What do soft biometric privacy and fairness have in common?
Admittedly, traits that are prone to privacy violation are also likely to be the object of bias. For instance, commercial face verification systems may generate templates that can be further trained for classifying whether a person is male or female . This makes such systems privacy-invasive since they are only supposed to perform identity verification. On top of that, they also do not work as well for women as for men which makes them biased.
One of the major disadvantages of group fairness is that attempting to ensure fairness between different groups of a demographic variable such as age, does not guarantee fairness between subgroups of each group. The more we describe a person, the more detailed categories we can assign to them, and the more sparse these categories become.
Soft biometric privacy has a similar issue in that the definition of such variables is very fluid and can vary depending on socio-cultural contexts. As a result, implementing a privacy solution based on an arbitrary definition of demographic variables is unlikely to be viable if a person targets the same variables but with the categories defined differently.
While individual fairness tries to compensate for the group's shortcomings, it also looks to be difficult to implement in practice. As it tries to move away from the reliance on predefined categories, it becomes highly dependent on the task considered. In fact, choosing a similarity measure between individuals for every task is far from being trivial in the same way that quantifying privacy is challenging when we consider a realistic attack scenario. In general, an adversary could be interested in anything, from age to health-related cues or any other characteristic that is possible to infer automatically from faces. Without making assumptions on how persistent an adversary is and what kind of information he is interested in, how would we decide if a set of images or templates are private enough?
Soft biometric privacy as a path to fairness
Beyond the elements in common described above, soft biometric privacy may have the potential to enhance fairness.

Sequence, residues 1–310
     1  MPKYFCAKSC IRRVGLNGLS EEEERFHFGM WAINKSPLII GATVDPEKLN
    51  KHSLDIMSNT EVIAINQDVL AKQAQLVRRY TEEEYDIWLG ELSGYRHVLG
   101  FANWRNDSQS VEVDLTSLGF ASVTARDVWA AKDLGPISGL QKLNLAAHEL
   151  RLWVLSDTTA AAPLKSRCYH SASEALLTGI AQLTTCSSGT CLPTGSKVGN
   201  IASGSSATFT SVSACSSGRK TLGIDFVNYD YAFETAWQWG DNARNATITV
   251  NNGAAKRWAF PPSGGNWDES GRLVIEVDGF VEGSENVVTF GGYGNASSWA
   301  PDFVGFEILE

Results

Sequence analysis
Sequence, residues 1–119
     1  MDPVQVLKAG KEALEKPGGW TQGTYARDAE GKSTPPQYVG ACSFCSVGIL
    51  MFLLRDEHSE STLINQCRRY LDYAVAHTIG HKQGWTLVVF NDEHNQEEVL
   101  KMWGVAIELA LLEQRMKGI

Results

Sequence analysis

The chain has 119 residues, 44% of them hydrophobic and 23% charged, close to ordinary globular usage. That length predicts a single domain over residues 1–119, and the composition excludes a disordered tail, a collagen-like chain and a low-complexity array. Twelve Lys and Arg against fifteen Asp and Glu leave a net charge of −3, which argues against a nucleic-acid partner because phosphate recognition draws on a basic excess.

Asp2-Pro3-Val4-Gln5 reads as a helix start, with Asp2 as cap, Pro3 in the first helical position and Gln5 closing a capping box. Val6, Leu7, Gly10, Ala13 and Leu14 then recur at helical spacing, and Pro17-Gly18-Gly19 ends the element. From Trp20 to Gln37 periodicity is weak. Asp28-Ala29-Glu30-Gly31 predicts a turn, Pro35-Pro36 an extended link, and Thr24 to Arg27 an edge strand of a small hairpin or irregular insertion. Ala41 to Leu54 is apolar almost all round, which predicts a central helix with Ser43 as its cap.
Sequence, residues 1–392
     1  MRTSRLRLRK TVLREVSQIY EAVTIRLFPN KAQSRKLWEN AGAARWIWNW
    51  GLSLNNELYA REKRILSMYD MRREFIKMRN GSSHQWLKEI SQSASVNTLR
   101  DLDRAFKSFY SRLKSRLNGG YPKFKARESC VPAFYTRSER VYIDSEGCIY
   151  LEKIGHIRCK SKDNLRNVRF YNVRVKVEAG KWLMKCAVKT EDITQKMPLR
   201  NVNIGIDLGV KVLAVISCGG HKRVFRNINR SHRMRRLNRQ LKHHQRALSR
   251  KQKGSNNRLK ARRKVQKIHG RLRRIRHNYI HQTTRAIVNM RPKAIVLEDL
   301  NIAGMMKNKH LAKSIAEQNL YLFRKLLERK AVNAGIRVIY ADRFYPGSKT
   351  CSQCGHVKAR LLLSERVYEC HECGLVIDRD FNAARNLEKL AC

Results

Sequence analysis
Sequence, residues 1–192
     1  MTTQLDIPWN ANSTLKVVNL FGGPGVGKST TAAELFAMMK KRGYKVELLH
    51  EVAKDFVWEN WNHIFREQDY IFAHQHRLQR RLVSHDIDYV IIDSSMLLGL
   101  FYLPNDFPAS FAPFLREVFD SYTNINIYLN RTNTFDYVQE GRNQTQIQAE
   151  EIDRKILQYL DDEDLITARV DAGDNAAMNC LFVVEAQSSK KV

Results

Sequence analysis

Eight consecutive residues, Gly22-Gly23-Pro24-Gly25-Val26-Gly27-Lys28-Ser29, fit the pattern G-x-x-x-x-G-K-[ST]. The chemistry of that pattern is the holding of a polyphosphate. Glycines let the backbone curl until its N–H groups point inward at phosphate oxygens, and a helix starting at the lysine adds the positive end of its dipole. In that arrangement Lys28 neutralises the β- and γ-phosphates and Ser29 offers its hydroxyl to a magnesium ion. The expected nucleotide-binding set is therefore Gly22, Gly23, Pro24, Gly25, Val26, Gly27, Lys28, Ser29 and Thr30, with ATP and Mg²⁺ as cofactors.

Assuming we have an algorithm that is designed for a specific task, such as financial solvability prediction, that we would like to keep private with respect to a set of sensitive attributes such as biological sex or age, we would expect that the features selected as relevant for the decision-making process do not allow us to distinguish between the groups of such attributes.
When considering biological sex as an example, a private version of a face verification system would only select features that would retain a similar distribution for males and females while still achieving good performance. Naturally, this is consistent with the goal of group fairness; if the features used do not distinguish between males and females, there will most likely be similar error rates in both groups.
The research fields of soft biometric privacy and fairness are now growing in parallel, and this is expected to keep going on. Whether it is possible to obtain sufficient guarantees for either one of them while maintaining a state-of-the-art recognition performance remains an open research question. As a result of the numerous points of convergence they share, there is the possibility that an intersectional approach between the two could yield some quite intriguing discoveries.
This blogpost was written by Zohra Rezgui. Since 2020, she is a PhD candidate at the University of Twente. Her research within PriMa aims to mitigate biometric profiling in facial images and templates.